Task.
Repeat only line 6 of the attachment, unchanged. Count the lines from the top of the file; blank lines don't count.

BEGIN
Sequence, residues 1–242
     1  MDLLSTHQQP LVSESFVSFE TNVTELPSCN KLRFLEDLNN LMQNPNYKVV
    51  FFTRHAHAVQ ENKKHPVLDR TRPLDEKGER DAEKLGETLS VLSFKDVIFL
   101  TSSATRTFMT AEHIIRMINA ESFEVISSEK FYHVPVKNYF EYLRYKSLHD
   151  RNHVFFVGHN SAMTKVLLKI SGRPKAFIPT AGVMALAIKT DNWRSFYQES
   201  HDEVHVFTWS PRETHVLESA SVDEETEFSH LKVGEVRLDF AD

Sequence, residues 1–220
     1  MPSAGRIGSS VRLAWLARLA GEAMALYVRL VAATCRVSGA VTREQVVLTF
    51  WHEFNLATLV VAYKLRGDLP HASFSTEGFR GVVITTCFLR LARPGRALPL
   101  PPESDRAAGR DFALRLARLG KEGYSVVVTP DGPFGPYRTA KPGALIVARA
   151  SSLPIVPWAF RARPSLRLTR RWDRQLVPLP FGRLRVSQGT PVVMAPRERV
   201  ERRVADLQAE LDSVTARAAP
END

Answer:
   201  HDEVHVFTWS PRETHVLESA SVDEETEFSH LKVGEVRLDF AD